Kac contributed extensively to the theory of phase transitions. His first research excursion into statistical mechanics seems to be the discussion with Norbert Wiener about the validity of Mayer’s approach around 1940 mentioned above. His most important contribution to the area is his formulation of three models. This happened in a situation where most physicists studied a few existing models rather than proposed new ones.12

5.1. The Gaussian and Spherical Model

Kac has given an account of the development of how he arrived at the first two models, the Gaussian model and the spherical model, in a tribute to his collaborator Theodore Berlin (1917–1962). Kac was introduced to the Lenz-Ising model in 1947 by Uhlenbeck and the implications of Onsager’s solution of the two-dimensional case. This got Kac interested in the Lenz-Ising problem and he looked more into it. One of the first things he did was trying to solve the one-dimensional Lenz-Ising model with interactions between next-nearest neighbors as well as nearest neighbors13, but he did not publish anything. He later recalled about the three-dimensional Lenz-Ising model that “It soon became obvious that it was not a problem one solves on the spur of the moment, and, in the best mathematical tradition, not being able to solve the original problem, I looked around for similar problems which I could solve” (Kac 1964, p. 41). Note the reference to the mathematical tradition. This search led Kac to introduce the Gaussian model. Like the Lenz-Ising model, this model has spins situated at the sites of a lattice site, but the behavior of the spins differs in the two models. In the Lenz-Ising model each spin can take on only two values, but in the Gaussian model the spin values are continuous ones whose lengths are distributed according to the Gaussian distribution, hence the name of the model. Kac thought the model was “a shattering discovery” (Kac 1964, p. 41), but he and Uhlenbeck soon discovered that the model has a serious drawback at low temperatures, where the model leads to nonsensical results,14 so when they considered the model from a physical perspective they had to dismiss it as irrelevant. In the published words of Berlin and Kac (1952), who dealt with the model, it “become invalid for temperatures below a certain critical temperature” (Berlin and Kac 1952, p. 822).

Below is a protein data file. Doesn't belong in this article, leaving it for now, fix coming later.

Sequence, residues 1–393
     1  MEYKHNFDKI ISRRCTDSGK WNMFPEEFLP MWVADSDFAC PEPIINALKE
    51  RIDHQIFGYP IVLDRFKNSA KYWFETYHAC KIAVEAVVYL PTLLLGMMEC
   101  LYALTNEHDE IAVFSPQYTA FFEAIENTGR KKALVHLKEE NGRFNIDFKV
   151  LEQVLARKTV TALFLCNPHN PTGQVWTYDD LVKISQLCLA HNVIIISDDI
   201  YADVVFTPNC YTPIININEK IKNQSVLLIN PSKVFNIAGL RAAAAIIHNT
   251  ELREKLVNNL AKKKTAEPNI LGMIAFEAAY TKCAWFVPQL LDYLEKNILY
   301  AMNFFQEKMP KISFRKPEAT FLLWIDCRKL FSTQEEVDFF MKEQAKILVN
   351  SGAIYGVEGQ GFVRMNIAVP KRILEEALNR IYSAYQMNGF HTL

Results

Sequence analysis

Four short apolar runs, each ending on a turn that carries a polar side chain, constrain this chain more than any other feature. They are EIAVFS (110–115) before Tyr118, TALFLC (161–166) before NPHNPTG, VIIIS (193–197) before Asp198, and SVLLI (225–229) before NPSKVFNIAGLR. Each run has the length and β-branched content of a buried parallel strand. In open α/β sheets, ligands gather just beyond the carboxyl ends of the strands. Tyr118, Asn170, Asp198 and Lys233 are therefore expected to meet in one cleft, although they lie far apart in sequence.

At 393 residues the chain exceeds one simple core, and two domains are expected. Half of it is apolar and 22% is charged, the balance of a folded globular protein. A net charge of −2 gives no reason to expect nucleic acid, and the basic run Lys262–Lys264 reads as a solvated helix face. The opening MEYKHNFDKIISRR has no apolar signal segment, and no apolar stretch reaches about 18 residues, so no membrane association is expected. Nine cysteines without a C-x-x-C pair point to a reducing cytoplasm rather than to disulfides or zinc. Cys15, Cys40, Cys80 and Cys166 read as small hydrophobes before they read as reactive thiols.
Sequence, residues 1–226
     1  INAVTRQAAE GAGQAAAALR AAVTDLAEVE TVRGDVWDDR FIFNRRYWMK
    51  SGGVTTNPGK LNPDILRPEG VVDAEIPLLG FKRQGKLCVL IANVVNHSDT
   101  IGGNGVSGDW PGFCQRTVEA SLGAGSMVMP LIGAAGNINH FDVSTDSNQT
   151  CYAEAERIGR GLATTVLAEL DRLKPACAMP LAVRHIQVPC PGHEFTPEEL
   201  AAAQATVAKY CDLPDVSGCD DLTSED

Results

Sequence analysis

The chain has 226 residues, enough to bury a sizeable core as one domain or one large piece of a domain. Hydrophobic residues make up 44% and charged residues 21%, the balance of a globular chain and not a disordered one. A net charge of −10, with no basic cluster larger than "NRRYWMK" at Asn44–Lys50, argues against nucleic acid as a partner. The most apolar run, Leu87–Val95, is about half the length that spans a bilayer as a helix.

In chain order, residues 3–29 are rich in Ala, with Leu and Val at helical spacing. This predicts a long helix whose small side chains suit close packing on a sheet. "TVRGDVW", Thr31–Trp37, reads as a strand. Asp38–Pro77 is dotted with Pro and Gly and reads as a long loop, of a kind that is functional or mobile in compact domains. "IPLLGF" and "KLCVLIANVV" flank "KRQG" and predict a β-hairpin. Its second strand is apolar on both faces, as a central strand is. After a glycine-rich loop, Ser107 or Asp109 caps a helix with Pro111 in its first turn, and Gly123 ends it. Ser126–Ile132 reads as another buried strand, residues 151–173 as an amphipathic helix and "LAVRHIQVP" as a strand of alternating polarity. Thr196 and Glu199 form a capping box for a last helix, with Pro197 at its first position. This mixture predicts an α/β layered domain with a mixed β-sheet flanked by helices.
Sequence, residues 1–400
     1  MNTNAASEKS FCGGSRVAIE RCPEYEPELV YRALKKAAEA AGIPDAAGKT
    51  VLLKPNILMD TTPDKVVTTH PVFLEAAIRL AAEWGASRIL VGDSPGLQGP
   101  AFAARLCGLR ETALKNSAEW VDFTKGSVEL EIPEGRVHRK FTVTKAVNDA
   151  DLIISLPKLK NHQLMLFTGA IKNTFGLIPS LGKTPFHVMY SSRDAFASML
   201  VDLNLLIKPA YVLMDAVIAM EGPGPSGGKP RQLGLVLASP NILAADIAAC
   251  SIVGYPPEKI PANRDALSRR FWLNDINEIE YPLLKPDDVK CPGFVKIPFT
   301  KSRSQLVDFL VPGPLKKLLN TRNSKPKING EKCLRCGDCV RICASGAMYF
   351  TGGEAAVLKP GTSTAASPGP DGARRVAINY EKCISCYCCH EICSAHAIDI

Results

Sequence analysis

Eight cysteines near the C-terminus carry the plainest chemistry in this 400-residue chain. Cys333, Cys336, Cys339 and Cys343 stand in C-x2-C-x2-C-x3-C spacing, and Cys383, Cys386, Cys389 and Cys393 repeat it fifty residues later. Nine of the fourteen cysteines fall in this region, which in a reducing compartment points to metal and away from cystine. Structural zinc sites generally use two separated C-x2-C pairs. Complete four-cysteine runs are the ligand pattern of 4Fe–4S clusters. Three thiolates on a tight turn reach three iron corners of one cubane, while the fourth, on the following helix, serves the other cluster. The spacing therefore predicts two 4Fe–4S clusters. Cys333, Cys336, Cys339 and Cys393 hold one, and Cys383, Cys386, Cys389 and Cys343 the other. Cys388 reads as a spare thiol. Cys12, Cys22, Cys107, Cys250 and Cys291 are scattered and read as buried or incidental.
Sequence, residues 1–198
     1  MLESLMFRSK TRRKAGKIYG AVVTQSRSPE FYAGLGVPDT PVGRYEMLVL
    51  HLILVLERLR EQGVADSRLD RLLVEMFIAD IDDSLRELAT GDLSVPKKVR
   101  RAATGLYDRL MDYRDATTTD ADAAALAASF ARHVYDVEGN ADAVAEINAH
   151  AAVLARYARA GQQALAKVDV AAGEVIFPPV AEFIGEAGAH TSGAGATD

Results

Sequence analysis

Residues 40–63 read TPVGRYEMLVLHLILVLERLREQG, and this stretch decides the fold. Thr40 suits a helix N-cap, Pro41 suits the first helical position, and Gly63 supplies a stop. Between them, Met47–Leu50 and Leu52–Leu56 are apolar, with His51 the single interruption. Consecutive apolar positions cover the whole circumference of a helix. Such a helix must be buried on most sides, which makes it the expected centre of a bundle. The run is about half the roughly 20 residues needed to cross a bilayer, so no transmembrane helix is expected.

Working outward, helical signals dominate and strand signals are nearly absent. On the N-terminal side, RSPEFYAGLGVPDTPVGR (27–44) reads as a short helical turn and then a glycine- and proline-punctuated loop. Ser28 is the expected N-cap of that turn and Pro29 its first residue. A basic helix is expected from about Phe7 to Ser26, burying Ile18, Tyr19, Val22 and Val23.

In the following weeks, Kac thought about this problem and realized that another model might do the job. Again, we have spins on a lattice, but in the spherical model they can have any value subject to the condition that the sum of their squares remained equal to N, the number of lattice sites: σ12 + σ22 + … σN2 = N. This model is preferable to the Gaussian model as it does not suffer from the above drawback and it “moves us closer to the original problem” (Berlin and Kac 1952, p. 827). Kac himself was unable to solve this model, as he could only reduce it to an integral that he could not solve. He consulted his Cornell colleague Richard Feynman, who produced a solution for the one-dimensional case, but the method could not be generalized to higher dimensions. Kac gave a lecture in Ann Arbor hosted by Uhlenbeck on the model; Ted Berlin attended the lecture and quickly produced a solution in one, two, and three dimensions using the method of steepest descent. Kac relates:

I had hardly heard of the method of steepest descent, and what I had heard was mainly a warning against its use because of the difficulties of rigorous justification. Here, before my eyes on about ten handwritten pages, was one of the most advanced applications of the method. Only a combination of a physicist with the fantastic power and skill of a classical analyst could have produced the results. To say that I was immensely impressed would be a pale understatement of my reaction to that letter. (Kac 1964, p. 41)

So, the mathematician was impressed by the physicist’s solution to the mathematical problem arising for a model proposed by the mathematician.

Berlin and Kac first published their results at the 1948 Annual Meeting of the American Physical Society in New York, January 26–29, 1949 in a short note (Kac and Berlin 1949). A longer note in 1952 (Berlin and Kac 1952). We will examine the latter. They began this paper with a lengthy discussion of the mathematical difficulties of phase transitions and noted that the two-dimensional Lenz-Ising model and the Bose-Einstein gas are the only non-trivial examples of phase transitions which can be examined exactly. In such a situation, a particular kind of models is allowed:

We agree with Onsager that it is desirable to investigate models which yield to exact analysis and show transition phenomena. It is irrelevant that the models may be far removed from physical reality if they can illuminate some of the complexities of the transition phenomena. (Berlin and Kac 1952, p. 821)